Well-being activity Week 9
Many of these activities will have an accompanying demonstration video which you will be able to find on the Unlocking Potential Youtube Channel and on the site below. We hope you enjoy receiving our Weekly Well-being activities and find them useful!
In this week’s activity, we are going to be thinking about connections and how your child can learn to talk about their feelings to better connect with others. Watch the video below as Jenny, one of our team managers talks your child through this exercise. This video is a little bit longer than our usual ones, so make sure that you and your child have time, space, paper and a pencil to watch a listen!
Week 2 of our special memories book is here! It has spaces for your child to draw and write about their special memories from Primary school. Head back to Week 8 to download the first two pages of the book if you missed them last week.
** Click the Memories Book button below for the next page **
Click on the transitions button below for the second instalment of our 6-week transitions programme. This week we are thinking about what school means to us with a fun A2Z activity and we start to think about the differences between primary school and secondary school. Your child can do this on their own or with your help.
Our May COVID timeline is here! Download from the COVID Timeline below and help your child think through what happened in the UK in May. There are a few questions for your child to answer, and a few vocabulary words for them to learn!
Name the feelings
Little children, and even some older children, don’t have the vocabulary to talk about their feelings. Help them learn by keeping a close eye on their facial expressions and body language and, as often as possible, naming their feelings for them. Once you’ve done this you can make links to why they feel this way. This will help them to identify and manage their own feelings better. Let them know how you’re feeling and how you think others are feeling too. Set aside a little time every day to talk and listen to each other, for instance during mealtimes or before bed.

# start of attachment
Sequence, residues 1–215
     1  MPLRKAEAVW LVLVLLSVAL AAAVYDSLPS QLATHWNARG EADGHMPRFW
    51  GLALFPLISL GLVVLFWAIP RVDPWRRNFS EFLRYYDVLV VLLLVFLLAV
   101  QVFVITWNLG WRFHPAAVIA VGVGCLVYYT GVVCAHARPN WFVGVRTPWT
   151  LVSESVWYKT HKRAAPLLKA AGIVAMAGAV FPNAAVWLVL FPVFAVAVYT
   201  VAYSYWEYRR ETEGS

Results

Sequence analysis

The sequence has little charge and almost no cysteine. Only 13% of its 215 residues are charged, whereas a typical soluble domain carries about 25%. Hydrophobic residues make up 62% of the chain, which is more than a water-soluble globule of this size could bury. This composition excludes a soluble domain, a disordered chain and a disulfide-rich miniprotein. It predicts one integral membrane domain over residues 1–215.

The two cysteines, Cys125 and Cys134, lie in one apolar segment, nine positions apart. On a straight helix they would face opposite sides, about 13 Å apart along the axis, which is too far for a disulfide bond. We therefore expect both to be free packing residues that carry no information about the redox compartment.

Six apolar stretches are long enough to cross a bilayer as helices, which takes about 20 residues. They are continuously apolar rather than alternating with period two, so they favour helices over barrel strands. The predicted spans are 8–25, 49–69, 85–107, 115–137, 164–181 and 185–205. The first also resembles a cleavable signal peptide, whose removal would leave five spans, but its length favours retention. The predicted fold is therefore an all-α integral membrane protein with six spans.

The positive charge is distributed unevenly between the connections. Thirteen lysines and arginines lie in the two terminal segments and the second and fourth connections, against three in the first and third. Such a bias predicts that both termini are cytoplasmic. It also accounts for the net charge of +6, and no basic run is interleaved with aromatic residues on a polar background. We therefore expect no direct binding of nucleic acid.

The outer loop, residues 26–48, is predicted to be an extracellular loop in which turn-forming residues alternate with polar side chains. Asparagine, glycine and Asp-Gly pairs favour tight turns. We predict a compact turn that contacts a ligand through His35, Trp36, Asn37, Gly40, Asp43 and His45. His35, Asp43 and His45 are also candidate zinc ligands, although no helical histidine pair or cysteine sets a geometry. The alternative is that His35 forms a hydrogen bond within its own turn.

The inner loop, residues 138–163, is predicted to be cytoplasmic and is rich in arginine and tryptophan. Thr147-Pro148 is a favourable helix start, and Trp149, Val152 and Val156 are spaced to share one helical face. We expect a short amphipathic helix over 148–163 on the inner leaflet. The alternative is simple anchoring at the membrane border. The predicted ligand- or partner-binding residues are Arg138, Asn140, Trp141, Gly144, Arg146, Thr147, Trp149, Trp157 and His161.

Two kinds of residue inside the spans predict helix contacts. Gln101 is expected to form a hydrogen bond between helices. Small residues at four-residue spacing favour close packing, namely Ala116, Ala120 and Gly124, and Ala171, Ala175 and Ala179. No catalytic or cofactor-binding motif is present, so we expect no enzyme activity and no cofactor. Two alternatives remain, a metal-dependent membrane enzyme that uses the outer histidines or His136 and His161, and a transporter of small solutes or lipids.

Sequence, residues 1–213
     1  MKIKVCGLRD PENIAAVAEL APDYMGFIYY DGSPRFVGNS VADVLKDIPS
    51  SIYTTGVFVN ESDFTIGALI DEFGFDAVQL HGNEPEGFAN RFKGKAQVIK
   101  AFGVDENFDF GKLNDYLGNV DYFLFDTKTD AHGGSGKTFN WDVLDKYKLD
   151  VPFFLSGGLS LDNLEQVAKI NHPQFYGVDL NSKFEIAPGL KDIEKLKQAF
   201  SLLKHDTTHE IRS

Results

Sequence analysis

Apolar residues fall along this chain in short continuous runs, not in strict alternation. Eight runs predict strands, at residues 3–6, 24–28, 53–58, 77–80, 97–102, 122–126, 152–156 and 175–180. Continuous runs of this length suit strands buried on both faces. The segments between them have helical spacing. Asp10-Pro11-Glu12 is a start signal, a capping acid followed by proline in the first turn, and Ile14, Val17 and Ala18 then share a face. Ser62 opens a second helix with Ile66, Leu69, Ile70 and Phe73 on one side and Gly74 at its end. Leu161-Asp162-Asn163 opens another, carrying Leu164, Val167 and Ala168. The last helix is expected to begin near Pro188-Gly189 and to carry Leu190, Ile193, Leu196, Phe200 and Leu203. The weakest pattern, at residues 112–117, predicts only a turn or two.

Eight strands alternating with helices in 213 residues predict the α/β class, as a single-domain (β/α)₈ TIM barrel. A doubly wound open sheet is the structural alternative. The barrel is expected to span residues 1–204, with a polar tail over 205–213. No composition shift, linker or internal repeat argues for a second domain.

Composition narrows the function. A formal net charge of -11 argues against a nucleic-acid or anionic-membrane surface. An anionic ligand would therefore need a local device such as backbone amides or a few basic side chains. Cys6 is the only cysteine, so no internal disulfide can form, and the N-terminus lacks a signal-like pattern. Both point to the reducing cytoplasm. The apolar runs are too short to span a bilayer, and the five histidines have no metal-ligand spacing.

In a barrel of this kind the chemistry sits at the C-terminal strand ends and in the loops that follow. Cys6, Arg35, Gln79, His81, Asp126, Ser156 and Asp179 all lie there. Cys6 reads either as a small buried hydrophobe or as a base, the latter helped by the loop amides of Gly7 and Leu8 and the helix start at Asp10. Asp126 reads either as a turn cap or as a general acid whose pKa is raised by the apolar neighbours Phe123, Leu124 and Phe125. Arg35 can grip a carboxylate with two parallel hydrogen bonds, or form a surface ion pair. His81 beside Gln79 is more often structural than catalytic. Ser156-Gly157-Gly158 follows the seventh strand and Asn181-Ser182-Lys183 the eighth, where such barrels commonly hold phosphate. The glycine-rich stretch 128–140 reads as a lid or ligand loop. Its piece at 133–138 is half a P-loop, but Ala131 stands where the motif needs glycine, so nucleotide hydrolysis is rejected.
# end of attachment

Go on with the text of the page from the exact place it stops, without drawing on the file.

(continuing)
If you think your child might be worried or upset, in a straightforward way, ask them what’s wrong. It might sound obvious but by doing this, you’re letting them know that you’ve noticed their feeling and that you think it’s a good idea to talk openly and honestly about feelings. Then give them some time – they might need time to think before they can talk about it. If they don’t come to you to talk, show them you’ve remembered by revisiting it with them during a quiet moment when it’s just the two of you.
If your child is still having difficulty talking about their upset or worried feeling. Try doing a calm, one-to-one activity together. Suggest something you know they’ll enjoy, such as an art or craft activity or a walk outdoors. Children are often more relaxed and open when they’re doing something, especially if it’s something that you’ve chosen because you know they’ll enjoy it. Once you’re both engaged in the activity, gently bring up the subject and let them know that you’re here to help.
When children try to talk about their feelings, listen closely and don’t rush to make things better straight away. By doing this, your child will learn that their feelings matter. Rushing straight to solutions can dismiss or minimise the feeling and, rather than getting rid of it, can lead to it coming out in a more unhealthy way – they might take their anger or upset out on their friends, teachers or siblings, for instance.
Once your child has completed the exercises in this pack. Invite them to ask you the same questions. Use the first template to match your feelings to colours and then recall a time in lockdown you had this feeling. If you and your child recall the same event, you can use this as an opportunity for discussion and reflection about feelings. Were you feeling the same thing or different? Imagine what your child felt in this moment and reflect together on each other’s feelings, inviting acceptance and curiosity for those feelings. Perhaps you might even be able to validate their feelings with empathy too. This allows your child to understand you are able to imagine their emotional world which will strengthen your sense of emotional connection.
Another video this week from Elle, the OT lead at Unlocking Potential. This week Elle talks about sitting and posture, why this is important for children to practice, and how you can help them practice their posture with things around the house!